NSW’s new local coronavirus cases have dropped to 170 – as authorities admit they are worried some migrant families are ignoring pleas to get tested, with sometimes fatal results.
Of Friday’s cases, 52 spent at least part of their infectious period in the community, continuing the worrying trend seen throughout NSW’s current outbreak.
The isolation status of a further 53 is yet to be determined.
“Obviously today’s number is considerably less than yesterday but don’t assume it will not be back up tomorrow because while there are so many infectious in the community, we expect to see those numbers bounce around,” Premier Gladys Berejiklian said.
“What we do need is not just the stabilisation but, of course, the numbers to go down.”
Friday’s update came after a grim record of 239 local COVID infections on Thursday, and two more fatalities. There were no new deaths to report on Friday, and NSW’s toll from its current outbreak remains at 13.
But Health Minister Brad Hazzard said some families, particularly in the virus-hit areas of west and south-west Sydney where there are high migrant populations, were delaying seeking help – sometimes with fatal consequences.
“Very sadly, we are seeing more families coming in with a family member who is presenting not alive but dead. That is a terrible situation,” he said.
“Can I say to those families, our government, the NSW government is perhaps not like the government that you have lived under overseas. We are here to support you and our health system is here to support you.”
Chief health officer Kerry Chant also urged people to seek help early.
“I’m just struck by the tragedy of it, that we’ve had a number of people that are presented to hospital severely unwell and sometimes dead,” she said.
“I just think that people need to know that, with COVID, you can
deteriorate quite quickly.”
Also on Friday, NSW Police stepped up their checks of homes to make sure people are complying with lockdown rules. They will also target businesses that are breaching public health orders.
Defence personnel will be on the ground in Sydney from Monday to further boost the effort.
NSW Police Commissioner Mick Fuller said there were generally high levels of compliance with lockdown rules. But he said police had more than 2000 premises to keep checks on.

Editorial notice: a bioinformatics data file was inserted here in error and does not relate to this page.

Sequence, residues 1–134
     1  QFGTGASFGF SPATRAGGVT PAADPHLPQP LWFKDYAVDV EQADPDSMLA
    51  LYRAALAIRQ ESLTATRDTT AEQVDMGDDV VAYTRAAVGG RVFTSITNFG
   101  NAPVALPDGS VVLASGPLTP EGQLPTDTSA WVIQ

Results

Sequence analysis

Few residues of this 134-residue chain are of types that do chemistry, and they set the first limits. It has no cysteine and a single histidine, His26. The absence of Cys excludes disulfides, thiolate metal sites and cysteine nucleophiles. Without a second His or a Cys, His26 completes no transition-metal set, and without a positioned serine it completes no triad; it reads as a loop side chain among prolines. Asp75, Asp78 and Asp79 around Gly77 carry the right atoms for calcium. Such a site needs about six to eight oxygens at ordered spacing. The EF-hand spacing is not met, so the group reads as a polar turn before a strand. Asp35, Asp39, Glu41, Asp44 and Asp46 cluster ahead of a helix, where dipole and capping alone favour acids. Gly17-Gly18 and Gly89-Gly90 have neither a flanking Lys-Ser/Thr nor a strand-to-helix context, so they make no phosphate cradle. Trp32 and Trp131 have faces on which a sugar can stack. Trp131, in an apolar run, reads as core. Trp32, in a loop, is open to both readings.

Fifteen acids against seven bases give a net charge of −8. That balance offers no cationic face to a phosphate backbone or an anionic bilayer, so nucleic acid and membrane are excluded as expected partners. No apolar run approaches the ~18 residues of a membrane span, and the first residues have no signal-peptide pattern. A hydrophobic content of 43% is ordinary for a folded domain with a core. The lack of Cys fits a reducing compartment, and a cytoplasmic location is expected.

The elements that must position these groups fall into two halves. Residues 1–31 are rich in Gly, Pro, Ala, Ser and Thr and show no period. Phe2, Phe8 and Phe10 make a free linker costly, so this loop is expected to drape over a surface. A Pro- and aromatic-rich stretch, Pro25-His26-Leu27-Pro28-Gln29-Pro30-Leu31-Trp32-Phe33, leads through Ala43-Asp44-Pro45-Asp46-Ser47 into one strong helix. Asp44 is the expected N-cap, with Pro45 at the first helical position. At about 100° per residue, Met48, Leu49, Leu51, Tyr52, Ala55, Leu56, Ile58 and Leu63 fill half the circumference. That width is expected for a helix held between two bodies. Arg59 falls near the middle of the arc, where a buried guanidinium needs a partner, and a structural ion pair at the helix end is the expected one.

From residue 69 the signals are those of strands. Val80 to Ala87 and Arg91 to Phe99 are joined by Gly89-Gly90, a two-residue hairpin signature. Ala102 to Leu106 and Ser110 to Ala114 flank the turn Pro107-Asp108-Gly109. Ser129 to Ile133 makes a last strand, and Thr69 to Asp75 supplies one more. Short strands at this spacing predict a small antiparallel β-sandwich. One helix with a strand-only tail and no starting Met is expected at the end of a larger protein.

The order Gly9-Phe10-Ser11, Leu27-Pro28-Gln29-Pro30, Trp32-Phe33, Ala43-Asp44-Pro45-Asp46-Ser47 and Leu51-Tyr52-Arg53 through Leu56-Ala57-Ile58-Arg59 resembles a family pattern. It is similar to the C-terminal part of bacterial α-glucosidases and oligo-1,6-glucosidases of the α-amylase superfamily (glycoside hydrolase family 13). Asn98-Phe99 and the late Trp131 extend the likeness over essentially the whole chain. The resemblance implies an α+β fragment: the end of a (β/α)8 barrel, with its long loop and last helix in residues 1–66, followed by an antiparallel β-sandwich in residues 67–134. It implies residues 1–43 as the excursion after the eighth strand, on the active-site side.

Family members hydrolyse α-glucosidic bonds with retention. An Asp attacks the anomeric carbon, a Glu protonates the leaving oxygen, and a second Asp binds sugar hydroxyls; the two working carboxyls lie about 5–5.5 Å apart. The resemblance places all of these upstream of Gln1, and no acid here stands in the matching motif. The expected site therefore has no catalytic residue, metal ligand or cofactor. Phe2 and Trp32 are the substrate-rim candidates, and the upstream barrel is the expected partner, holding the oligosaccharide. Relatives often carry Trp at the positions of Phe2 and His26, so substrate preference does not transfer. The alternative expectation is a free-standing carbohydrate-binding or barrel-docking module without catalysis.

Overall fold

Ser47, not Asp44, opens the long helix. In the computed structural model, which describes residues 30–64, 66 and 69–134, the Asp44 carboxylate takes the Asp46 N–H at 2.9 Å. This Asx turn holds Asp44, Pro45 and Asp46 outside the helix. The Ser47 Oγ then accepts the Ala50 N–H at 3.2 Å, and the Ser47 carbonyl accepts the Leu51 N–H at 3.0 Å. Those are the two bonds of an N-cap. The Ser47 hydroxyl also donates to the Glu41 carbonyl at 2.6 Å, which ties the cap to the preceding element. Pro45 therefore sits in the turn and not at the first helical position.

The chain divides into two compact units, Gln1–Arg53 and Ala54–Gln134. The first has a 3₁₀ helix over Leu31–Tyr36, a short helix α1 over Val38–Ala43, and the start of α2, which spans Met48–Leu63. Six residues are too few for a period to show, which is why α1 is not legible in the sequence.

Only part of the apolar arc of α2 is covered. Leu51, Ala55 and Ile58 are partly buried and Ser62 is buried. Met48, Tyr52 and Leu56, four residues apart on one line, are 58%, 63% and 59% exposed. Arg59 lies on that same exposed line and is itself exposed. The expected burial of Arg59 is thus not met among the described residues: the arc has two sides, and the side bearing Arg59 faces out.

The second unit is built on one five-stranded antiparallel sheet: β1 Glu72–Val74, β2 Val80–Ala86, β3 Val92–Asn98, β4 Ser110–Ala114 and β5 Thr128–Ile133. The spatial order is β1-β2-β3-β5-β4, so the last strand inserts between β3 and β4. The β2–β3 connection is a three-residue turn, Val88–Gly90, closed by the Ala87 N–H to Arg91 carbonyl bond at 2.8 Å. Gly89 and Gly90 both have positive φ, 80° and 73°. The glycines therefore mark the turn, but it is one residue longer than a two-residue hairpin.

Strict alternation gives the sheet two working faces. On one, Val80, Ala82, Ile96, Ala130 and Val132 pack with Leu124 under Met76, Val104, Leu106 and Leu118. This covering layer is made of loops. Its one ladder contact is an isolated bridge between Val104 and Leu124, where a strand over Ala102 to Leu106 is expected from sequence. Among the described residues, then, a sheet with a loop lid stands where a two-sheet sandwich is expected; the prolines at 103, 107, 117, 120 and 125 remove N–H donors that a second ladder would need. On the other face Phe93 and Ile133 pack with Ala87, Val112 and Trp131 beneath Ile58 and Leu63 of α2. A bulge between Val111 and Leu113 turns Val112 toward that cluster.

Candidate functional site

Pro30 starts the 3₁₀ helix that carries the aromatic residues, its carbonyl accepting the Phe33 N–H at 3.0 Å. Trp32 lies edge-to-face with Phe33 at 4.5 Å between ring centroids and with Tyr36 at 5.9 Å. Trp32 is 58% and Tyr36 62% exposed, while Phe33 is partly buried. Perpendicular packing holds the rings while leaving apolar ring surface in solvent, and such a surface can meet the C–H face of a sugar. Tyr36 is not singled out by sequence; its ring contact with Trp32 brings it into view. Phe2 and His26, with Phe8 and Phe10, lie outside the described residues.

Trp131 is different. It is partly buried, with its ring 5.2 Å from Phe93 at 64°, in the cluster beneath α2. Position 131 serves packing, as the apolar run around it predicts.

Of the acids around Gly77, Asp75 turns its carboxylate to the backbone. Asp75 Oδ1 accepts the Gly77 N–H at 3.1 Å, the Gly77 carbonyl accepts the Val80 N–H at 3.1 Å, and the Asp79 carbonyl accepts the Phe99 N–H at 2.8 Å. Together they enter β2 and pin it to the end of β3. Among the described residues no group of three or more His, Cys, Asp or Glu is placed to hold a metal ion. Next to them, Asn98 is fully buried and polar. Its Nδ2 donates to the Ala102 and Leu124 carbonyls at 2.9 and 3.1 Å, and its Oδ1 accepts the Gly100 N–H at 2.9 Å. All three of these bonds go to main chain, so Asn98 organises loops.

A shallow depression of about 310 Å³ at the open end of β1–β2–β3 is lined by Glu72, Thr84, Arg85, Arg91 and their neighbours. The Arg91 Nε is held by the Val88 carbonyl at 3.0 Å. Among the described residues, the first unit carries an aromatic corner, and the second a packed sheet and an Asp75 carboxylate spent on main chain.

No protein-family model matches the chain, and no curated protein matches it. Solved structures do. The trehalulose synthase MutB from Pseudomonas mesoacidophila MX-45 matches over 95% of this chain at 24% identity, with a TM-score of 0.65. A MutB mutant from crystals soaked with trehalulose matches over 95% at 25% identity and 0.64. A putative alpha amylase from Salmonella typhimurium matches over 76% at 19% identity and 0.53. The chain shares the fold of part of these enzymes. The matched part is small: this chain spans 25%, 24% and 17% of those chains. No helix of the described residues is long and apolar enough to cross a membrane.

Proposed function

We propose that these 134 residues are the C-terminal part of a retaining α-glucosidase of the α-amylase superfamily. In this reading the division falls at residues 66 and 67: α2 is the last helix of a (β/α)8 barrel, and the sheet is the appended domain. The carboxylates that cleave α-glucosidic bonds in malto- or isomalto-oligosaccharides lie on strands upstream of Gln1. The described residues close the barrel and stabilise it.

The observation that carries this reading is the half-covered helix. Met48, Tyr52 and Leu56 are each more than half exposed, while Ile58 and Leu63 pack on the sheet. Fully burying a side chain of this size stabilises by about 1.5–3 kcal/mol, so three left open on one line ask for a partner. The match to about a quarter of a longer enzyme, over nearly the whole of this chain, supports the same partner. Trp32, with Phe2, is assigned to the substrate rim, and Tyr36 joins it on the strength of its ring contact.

“This morning, [members did] a COVID compliance check, [and found a] young man who was COVID positive was out of the house and he had gone to work on a building site,” he said.
“That sort of behaviour is exactly why we need strong health orders, law enforcement and defence.”
Mr Fuller also urged anyone considering heading into central Sydney for a potential lockdown protest on Saturday to stay home instead.
“If you do, you will be met by up to 1000 police who will be ready to deal with you,” he said.
NSW Health and police are working to determine if one person subsequently diagnosed with COVID attended last week’s rally.
They were given an infringement notice and turned around on their way to the city, but it is not known if they actually went to the protest. They would have been infectious at the time.
Ms Berejiklian said NSW had administered 3.6 million shots of virus vaccines – but renewed her plea for more people to line up for a dose.
“It’s really important for us to get as many jabs in arms as possible because more jabs in arms means more freedom for all of us. And the quicker we get vaccinated, the quicker we can live more freely,” she said.
A new vaccine centre will open at Qudos Bank Arena at Sydney Olympic Park from August 9.
It will initially be for about 20,000 students in the eight Sydney local government areas that are of most concern in the escalating COVID outbreak. Once they are vaccinated, the centre will become a mass hub.
There now now been 2980 local virus cases in NSW, since the Bondi outbreak emerged in mid-June.
The state has 187 COVID patients in hospital. They include 58 people in intensive care, 24 of whom require ventilation.